“Heat creates light. It is the heat of a glowing ember or a burning candle that is responsible for the light.”

A brief History of Color Temperature

In the beginning there was fire. 

Harnessed for light it became a campfire, a torch, a candle, an oil, a gas lamp.

Light from fire comes from the heat of the flame. The actual burning, or what is being burned, is of minor importance. Light from heat is called incandescent light.

The appearance of an incandescent light – its “color” – depends only on its temperature. Temperature can be measured in degrees Fahrenheit, or Celsius, or Kelvin. The choice of scale doesn’t matter: it just happens that for the purpose of lighting, engineers and scientists use the Kelvin (or K) scale.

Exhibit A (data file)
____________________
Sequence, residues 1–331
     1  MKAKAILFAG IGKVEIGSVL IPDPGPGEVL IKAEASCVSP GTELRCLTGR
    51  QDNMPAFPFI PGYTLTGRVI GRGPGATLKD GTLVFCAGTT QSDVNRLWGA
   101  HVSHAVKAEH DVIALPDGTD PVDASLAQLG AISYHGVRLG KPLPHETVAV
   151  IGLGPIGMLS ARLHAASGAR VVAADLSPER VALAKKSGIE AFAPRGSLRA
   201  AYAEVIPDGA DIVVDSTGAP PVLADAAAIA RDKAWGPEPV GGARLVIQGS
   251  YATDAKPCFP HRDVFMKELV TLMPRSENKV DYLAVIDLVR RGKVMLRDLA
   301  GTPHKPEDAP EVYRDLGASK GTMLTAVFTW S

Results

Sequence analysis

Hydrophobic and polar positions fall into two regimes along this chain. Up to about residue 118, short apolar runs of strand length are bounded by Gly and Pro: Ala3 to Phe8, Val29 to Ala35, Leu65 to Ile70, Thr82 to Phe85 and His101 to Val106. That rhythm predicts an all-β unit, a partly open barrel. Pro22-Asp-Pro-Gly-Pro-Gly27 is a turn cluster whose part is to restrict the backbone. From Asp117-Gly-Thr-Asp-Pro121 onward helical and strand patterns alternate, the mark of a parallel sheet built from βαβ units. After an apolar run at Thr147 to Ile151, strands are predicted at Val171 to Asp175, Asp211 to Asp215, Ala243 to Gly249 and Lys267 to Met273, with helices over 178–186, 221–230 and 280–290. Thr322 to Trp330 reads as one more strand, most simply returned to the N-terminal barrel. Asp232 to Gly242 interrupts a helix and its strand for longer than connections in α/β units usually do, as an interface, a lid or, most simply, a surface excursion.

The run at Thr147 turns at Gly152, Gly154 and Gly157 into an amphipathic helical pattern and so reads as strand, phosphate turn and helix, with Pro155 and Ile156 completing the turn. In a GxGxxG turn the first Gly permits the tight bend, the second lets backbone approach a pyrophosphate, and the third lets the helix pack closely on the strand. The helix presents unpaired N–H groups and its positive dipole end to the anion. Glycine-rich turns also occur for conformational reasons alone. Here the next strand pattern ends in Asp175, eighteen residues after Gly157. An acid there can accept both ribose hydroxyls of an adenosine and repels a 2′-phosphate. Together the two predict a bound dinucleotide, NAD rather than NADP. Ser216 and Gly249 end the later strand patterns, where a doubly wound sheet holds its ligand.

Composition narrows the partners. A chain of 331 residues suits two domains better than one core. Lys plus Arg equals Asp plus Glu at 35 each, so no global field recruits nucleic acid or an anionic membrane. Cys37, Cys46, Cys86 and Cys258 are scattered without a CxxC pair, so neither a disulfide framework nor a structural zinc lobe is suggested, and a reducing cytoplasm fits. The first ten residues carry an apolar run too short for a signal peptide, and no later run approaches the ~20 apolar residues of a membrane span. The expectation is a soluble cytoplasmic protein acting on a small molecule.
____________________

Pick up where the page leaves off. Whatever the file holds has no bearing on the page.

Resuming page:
Heat is not the only way to make light. Our current street lighting – “high pressure sodium” (HPS) – is the glow of a gas in a sealed tube caused by passing an electric current through the gas.

It is convenient to compare the “color” of the light from different sources to the “color” of the light from an incandescent source. The “temperature” of an HPS light, or a LED light, is the temperature of the incandescent light “closest” in apparent color. 

But, “closest” doesn’t necessarily mean close. The strong, distinctive yellow glow a 2000 K HPS lamp doesn’t feel anything like the golden-amber of a 2000 K candle. To distinguish the “quality” of different lights of the same color temperature we need to dig a bit deeper. Read more at our discussion of Light Spectra